• pN1 - Lymph node mass, 2 cm or less in greatest dimension and 6 or fewer positive nodes, none larger than 2 cm in greatest dimension

  • pN2 - Lymph node mass, more than 2 cm but not more than 5 cm in greatest dimension; more than 5 nodes positive, none larger than 5 cm; evidence of extranodal extension of tumor

  • pN3 - Lymph node mass more than 5 cm in greatest dimension

Distant metastases (M)

See the list below:

  • M0 - No evidence of distant metastases

  • M1 - Nonregional nodal or pulmonary metastases

  • M2 - Nonpulmonary visceral masses

 

Treatment

Medical Therapy

Primary therapy for any testicular mass includes radical or partial orchiectomy. This is followed by complete metastatic workup including CT of the abdomen and pelvis and chest radiography with serum levels of tumor markers. No further testing is necessary in routine cases.

Surgical Therapy

Surgical therapy consists of partial orchiectomy (excisional biopsy) under ultrasound and needle guidance. Frozen-section analysis results dictate whether radical or partial orchiectomy is indicated.

Preoperative Details

Candidates for partial orchiectomy must have negative findings on serum marker studies, abdominal CT scanning, and chest radiography. The patient must be counseled that a negative frozen-section result followed by a positive pathology result on final pathologic diagnosis would require delayed radical orchiectomy. In addition, sperm banking must be offered, if applicable. Testicular sperm extraction at the time of partial orchiectomy can also be offered to patients with azoospermia.

Intraoperative Details

Open excisional biopsy is similar to radical inguinal orchiectomy in many ways. The authors' treatment algorithm is as follows:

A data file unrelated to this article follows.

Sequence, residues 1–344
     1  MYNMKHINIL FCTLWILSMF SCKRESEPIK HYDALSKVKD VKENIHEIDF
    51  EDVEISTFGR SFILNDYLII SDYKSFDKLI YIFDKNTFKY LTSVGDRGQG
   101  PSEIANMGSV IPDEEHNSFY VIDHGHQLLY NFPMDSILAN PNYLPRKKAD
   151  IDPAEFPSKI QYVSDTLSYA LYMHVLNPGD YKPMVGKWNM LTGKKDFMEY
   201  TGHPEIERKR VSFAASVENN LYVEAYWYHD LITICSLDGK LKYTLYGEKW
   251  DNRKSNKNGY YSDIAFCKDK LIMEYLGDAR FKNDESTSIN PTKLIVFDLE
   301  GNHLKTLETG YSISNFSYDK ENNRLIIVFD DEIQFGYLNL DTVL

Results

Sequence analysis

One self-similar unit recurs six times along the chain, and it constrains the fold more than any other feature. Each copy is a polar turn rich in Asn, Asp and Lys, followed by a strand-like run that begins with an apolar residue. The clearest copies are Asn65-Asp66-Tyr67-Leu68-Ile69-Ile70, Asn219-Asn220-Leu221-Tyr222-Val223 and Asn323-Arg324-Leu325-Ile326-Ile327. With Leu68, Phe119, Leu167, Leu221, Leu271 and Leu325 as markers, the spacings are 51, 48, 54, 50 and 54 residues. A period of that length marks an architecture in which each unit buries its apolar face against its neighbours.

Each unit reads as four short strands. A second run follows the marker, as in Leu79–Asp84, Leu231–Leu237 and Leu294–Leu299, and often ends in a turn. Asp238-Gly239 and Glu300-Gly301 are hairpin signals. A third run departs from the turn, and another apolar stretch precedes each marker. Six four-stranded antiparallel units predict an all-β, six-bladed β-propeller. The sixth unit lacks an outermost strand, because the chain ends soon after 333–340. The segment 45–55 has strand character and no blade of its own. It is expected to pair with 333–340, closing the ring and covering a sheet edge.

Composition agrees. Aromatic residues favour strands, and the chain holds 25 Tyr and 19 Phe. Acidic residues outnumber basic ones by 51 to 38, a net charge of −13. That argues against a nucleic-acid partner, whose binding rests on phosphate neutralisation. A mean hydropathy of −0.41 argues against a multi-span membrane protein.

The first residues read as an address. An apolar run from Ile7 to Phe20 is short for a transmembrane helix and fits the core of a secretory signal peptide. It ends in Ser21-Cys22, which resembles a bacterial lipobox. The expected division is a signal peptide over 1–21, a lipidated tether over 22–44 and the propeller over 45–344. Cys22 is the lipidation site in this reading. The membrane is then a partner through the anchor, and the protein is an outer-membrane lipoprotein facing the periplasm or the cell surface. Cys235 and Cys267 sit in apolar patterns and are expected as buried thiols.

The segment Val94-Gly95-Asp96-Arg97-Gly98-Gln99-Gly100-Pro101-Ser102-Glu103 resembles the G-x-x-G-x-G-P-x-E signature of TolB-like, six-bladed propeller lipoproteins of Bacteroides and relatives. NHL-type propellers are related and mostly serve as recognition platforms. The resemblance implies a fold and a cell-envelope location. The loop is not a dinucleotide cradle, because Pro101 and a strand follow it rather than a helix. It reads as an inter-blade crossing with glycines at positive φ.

1. An inguinal incision is made to deliver the testis and spermatic cord.

  2. Towels are placed over the incision.

  3. The testis is manipulated on a towel away from the incision.

  4. Intraoperative ultrasonography is used to locate the mass.

  5. A needle can be passed into the mass for localization if desired.

  6. The mass is excised with a margin of normal parenchyma. Cold ischemia can be used.

  7. Postexcisional ultrasonography is performed to evaluate for a hypoechoic lesion.

  8. The specimen is sent for frozen-section pathological analysis.

  9. If the frozen analysis result is benign, the testis is placed into the scrotum and the wound is closed.

  10. If the frozen analysis result shows viable tumor, radical orchiectomy should be considered.

Postoperative Details

A scrotal support is applied, and the patient is instructed to avoid strenuous activity for 2-3 weeks postoperatively.

Follow-up

Follow-up ultrasonography 1-2 months after surgery is recommended to ensure the patient has no residual mass. Routine follow-up of the testicular cancer is performed based on pathologic staging.

Complications

Complications of partial orchiectomy include the following:

  • False-negative frozen-section analysis result

  • Tumor spillage

  • Incomplete incision of the tumor mass

  • Bleeding

  • Infection

  • Testicular infarction

  • Infertility

Outcome and Prognosis

Outcomes and prognosis following partial orchiectomy are typically favorable, with at least half of the patients in some small series without evidence of tumor on final pathology. Most cancerous testicular masses are composed of pure seminoma, which carries a favorable prognosis and is highly radiosensitive.